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Ventricular Septal Defect

Overview

A ventricular septal defect (VSD) is a birth defect in the wall (septum) that separates the lower chambers of the heart. A VSD occurs in the womb when the wall does not fully develop, resulting in a hole that affects how blood travels through the heart. Depending on the hole’s size, further issues may develop. Adults may be diagnosed with a small VSD that went undetected as a child, or have the defect as a result of a heart attack. Most VSDs can be effectively treated, even if detected later in life.

  • Types

    There are four main types of VSDs, which are characterized by where the defect is located:

    • Conoventricular ventricular septal defect occurs when the defect is below the pulmonary and aortic valves.
    • Inlet ventricular septal defect occurs when the defect is close to where blood enters the ventricles through the tricuspid and mitral valves.
    • Muscular ventricular septal defect, the most common type, occurs when the defect is located in the lower, muscular part of the ventricular septum.
    • Perimembranous ventricular septal defect occurs when the defect is in the upper section of the ventricular septum.
  • Symptoms

    If you have a VSD, you most likely experienced the following symptoms as a child:

    • Frequent respiratory infections
    • Inability to gain weight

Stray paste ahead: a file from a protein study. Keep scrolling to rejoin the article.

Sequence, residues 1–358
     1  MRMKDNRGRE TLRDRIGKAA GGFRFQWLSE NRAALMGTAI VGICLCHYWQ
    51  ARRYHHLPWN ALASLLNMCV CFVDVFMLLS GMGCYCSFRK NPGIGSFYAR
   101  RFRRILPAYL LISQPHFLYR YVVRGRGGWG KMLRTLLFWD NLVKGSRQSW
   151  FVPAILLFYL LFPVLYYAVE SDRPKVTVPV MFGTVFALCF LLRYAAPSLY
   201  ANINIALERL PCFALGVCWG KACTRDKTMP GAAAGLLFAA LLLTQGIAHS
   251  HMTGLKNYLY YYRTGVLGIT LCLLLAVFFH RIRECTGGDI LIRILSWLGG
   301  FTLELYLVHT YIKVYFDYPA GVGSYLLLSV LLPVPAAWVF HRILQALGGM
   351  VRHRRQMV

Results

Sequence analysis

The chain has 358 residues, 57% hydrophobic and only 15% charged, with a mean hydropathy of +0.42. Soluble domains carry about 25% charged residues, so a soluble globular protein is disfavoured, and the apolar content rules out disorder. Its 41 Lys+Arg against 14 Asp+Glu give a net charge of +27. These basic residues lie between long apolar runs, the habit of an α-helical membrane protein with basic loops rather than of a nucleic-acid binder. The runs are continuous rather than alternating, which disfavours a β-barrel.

• Paleness
    • Quick, hard breathing
    • Rapid heart rate
    • Shortness of breath

    Adults with a small, untreated defect may continue to experience shortness of breath.

  • Prevention

    Research is unclear of the exact cause of a VSD. Most cases appear to be genetic and cannot be prevented. However, some adults do develop VSDs after a heart attack, so reducing your risk of a heart attack by eating healthfully and exercising may help.

  • Risk Factors

    You may be at greater risk of developing a VSD if:

    • Your mother drank alcohol or took antiseizure medicines during pregnancy.
    • You have a family member with the condition.
    • You experienced a heart attack as an adult.
  • Diagnosis

    • Clinical evaluation. Your healthcare provider will review your symptoms and look for signs of the condition. Your provider may use a stethoscope to detect a loud heart murmur, which is often the first step to receiving a diagnosis.
    • Echocardiogram. This type of test is commonly used to diagnose a VSD. An echocardiogram uses sound waves to generate pictures of the heart. The test will show the size of the hole in the heart and how much blood is flowing through the hole.
    • Imaging tests. A physician may order other tests to help confirm a diagnosis, including chest X-ray, heart MRI and electrocardiogram.
  • Treatment

    Most people born with a VSD have surgery to close the defect during infancy; however, a defect may be present in adults. If you experience endocarditis, which is a bacterial infection often resulting from a congenital heart defect, or low lung pressure, your physician may recommend repairing the defect with the following:

    • Cardiac catheterization. This process is a less invasive procedure to repair a VSD than traditional open-heart surgery. During this procedure, a thin tube called a catheter is inserted into the groin and guided to the heart to patch the hole.
    • Open-heart surgery. This is a common treatment to patch a defect, especially if the hole is large. A surgeon will sew both edges of the defect closed or patch the hole with a graft.
  • Follow-up Care

    Whether you received treatment as a child or as an adult, you will need routine visits with a cardiologist who has experience in adult congenital heart disease. The cardiologist will monitor for any possible complications and give instructions for care.